Extended wakefulness, combined with alcohol, severely impairs driving performance

October 01, 2007

WESTCHESTER, Ill. - The combination of extended wakefulness and low-dose alcohol has significant adverse effects on a person's ability to drive, and elevates the risk of getting into a vehicular accident, according to a study published in the October 1 issue of the journal SLEEP.

The study, authored by Mark E. Howard, PhD, of the Institute for Breathing and Sleep in Heidelberg, Victoria, Australia, focused on 19 volunteer professional drivers, who participated in a driving simulation and the Psychomotor Vigilance Task. The subjects were measured in a rested state (12-15 hours awake) and after extended wakefulness (18-21 hours awake) during two sessions. Alcohol was administered during one session, with performance measured at blood alcohol concentrations (BAC) of 0.00 percent, 0.03 percent and 0.05 percent in a non-sleep deprived state, and at 0.03 percent after extended wakefulness (at 1 a.m. and at 3 a.m.). During the second session, tests were performed at the same times without alcohol.

According to the results, extended wakefulness, combined with low-dose alcohol (0.03 percent BAC), resulted in more lapses and greater variation in lane position and speed than did a BAC of 0.05 percent in a rested state.

"In addition to alcohol, sleepiness also increases the risk of road crashes. It is estimated that 15 to 30 percent of traffic accidents are directly related to driver sleepiness, as determined by crash circumstances. Although there are conclusive data regarding the separate effects of alcohol and sleepiness on driving, in real-life situations it is common for these two conditions to occur simultaneously (alcohol-related accidents occur more commonly in the early hours of the morning). The combination of legal low-dose alcohol and extended wakefulness results in impairment worse than that at an alcohol level known to increase accident risk. Avoiding alcohol when driving after extended wakefulness may reduce accident risk," said Dr. Howard.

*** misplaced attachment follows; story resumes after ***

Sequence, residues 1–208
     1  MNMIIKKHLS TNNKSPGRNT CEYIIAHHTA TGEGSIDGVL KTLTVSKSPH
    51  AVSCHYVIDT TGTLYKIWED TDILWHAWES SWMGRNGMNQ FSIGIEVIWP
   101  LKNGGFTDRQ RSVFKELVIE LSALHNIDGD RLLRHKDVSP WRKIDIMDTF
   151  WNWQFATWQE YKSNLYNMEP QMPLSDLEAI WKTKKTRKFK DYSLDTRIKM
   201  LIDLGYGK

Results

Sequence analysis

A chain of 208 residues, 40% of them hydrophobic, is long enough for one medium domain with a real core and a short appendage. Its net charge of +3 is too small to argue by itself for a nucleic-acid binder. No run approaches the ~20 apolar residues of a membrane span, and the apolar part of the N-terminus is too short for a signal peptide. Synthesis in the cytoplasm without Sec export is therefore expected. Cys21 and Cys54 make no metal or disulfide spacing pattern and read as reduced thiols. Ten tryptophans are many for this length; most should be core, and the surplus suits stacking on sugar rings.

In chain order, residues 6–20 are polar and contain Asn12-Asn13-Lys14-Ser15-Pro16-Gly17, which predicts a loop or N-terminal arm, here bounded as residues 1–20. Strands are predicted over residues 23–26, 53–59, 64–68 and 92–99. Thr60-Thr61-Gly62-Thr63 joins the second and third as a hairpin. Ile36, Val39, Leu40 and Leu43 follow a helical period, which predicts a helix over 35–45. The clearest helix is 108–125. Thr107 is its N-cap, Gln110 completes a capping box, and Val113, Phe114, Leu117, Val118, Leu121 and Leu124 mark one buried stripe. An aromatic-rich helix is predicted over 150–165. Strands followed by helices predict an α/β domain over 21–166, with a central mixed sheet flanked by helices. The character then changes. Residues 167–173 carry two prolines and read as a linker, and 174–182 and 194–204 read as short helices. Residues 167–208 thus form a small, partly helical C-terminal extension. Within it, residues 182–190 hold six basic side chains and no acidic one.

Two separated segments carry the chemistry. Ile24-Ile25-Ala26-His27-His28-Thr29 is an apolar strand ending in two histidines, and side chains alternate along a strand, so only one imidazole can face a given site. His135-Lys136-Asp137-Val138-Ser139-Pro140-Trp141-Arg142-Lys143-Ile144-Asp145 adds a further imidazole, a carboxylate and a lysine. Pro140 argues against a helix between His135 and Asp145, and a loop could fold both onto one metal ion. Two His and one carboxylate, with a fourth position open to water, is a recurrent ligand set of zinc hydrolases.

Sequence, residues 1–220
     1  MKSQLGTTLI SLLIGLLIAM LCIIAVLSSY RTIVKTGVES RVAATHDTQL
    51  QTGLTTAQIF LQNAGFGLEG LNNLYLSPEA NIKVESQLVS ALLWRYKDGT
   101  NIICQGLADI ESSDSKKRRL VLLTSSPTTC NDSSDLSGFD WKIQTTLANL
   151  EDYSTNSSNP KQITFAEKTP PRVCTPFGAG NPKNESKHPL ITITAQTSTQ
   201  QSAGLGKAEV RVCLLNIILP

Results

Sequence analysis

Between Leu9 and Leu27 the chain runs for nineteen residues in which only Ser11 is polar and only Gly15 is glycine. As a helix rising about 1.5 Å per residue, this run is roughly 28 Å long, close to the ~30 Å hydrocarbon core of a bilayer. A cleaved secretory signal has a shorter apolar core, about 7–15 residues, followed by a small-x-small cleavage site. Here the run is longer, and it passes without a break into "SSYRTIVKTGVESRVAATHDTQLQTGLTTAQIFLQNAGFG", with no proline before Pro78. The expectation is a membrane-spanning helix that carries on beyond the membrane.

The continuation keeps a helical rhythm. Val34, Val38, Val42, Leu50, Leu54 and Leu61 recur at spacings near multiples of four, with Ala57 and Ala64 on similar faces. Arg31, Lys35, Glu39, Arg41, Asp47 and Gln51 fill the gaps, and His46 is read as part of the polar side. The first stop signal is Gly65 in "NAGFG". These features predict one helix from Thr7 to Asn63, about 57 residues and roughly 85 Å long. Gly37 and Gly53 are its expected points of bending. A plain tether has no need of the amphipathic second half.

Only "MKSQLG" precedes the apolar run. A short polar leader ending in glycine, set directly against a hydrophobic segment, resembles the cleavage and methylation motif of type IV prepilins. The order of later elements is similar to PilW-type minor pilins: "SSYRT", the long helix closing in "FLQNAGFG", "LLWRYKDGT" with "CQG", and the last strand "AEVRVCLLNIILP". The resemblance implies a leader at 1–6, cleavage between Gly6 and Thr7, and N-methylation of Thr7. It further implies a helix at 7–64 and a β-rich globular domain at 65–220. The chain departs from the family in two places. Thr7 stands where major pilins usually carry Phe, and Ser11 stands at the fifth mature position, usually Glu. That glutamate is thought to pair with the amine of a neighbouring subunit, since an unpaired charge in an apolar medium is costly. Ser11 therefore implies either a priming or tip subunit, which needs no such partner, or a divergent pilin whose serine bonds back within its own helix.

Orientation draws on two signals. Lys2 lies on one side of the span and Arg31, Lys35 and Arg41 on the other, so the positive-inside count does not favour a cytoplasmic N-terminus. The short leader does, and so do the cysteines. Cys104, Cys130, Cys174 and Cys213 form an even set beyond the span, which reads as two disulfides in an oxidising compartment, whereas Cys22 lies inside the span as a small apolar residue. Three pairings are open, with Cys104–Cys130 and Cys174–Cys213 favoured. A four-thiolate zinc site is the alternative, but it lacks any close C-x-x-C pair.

Those who think they might have a sleep disorder are urged to discuss their problem with their primary care physician, who will issue a referral to a sleep specialist.
-end-
SLEEP is the official journal of the Associated Professional Sleep Societies, LLC, a joint venture of the American Academy of Sleep Medicine (AASM) and the Sleep Research Society.

SleepEducation.com, a Web site maintained by the AASM, provides information about various sleep disorders, the forms of treatment available, recent news on the topic of sleep, sleep studies that have been conducted and a listing of sleep facilities.

For a copy of this article, entitled, "The Interactive Effects of Extended Wakefulness and Low-Dose Alcohol on Simulated Driving and Vigilance", or to arrange an interview with an AASM spokesperson regarding this study, please contact Jim Arcuri, public relations coordinator, at 708-492-0930, ext. 9317, or jarcuri@aasmnet.org.

American Academy of Sleep Medicine

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